About Richard Pryor

Richard Pryor may have been the most unlikely star in Hollywood history. Raised in his family’s brothels in the red-light district of Peoria, Illinois, he grew up with a burning sense of being an outsider to privilege.

He took to the stage, originally, to escape the hard-bitten realities of his childhood, but later he came to a reverberating discovery: that by exploring the darker corners of his experience, he could make stand-up comedy as exhilarating and heart-rending as the life he’d known. He carried that trembling vitality into a movie career whose high notes—Blazing Saddles, the buddy comedies with Gene Wilder, Blue Collar—flowed directly out of his spirit of creative improvisation.

The major studios considered him dangerous; audiences felt plugged directly into the socket of life. Comedy in America took on a sharper edge.


Up From Peoria (1940-1962)


Born on December 1, 1940, Richard Pryor spent his formative years in Peoria, growing up under the stern tutelage of his grandmother Marie, whom he called “Mama.” Marie was the center of the Pryor family: the cook who brought the family together with her pungent soul food, and the madam who presided over a number of brothels with the help of Richard’s father, uncle and aunt.

Physically and otherwise, she was immovable: a boulder of a woman who didn’t hesitate to use her strong hands or her straight razor to keep her brothels running smoothly. Most of the time, though, she didn’t have to whip anyone into shape. She simply said — referring to her size-twelve shoes — “I’ll put my twelves up in your ass,” and the trouble went away.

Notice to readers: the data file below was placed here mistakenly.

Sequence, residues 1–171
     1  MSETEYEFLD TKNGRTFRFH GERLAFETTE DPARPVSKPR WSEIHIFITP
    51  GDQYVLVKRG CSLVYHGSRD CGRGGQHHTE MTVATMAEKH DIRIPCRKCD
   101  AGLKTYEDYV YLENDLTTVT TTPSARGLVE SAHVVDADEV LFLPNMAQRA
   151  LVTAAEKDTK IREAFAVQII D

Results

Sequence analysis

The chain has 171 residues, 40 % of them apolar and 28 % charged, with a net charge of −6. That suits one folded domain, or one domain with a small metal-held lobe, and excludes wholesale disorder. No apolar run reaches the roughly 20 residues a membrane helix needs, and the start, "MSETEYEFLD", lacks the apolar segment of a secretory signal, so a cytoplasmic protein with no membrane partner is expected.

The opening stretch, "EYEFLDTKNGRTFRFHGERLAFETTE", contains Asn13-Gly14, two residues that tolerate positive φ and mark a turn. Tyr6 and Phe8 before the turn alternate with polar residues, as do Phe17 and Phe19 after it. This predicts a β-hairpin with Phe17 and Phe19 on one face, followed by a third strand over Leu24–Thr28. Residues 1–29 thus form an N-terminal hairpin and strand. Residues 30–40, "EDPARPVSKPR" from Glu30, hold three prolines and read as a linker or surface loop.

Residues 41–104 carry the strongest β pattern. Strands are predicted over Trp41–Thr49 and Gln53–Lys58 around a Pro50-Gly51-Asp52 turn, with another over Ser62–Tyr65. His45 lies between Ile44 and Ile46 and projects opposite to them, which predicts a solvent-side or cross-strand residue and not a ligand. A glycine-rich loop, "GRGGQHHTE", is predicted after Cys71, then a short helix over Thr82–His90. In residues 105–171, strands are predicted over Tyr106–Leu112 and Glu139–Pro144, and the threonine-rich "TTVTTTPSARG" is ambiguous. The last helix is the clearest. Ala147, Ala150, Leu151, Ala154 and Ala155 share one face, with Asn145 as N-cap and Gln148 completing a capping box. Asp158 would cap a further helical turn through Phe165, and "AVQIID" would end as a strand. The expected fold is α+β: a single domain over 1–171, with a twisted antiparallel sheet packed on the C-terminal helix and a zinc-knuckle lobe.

She ran Richard like she ran her brothels, with a stiff sense of right and wrong and an equally stiff sense of possessiveness. Sometimes she hurt Richard physically, whipping him with birch switches or slamming him with an iron skillet. But she also gave him a sense of dignity, a bottom-dog wisdom. “Son, one thing a white man can’t take from you,” she told him often, “is the knowledge”: the knowledge of who you are, which you keep separate from how other people look at you.

For all her strength. Marie couldn’t protect her grandson from the world her livelihood plunged him into. Despite his later comic riffs on “peeking through the keyhole,” growing up in brothels unsettled the young Richard. Screams would wake him at night, and he’d have no idea where they were coming from. Were his mother and father at each other’s throats again? Was one of his many “aunts” pleasuring a paying customer? Or was it Mama, enforcing the discipline of the house with her straight razor?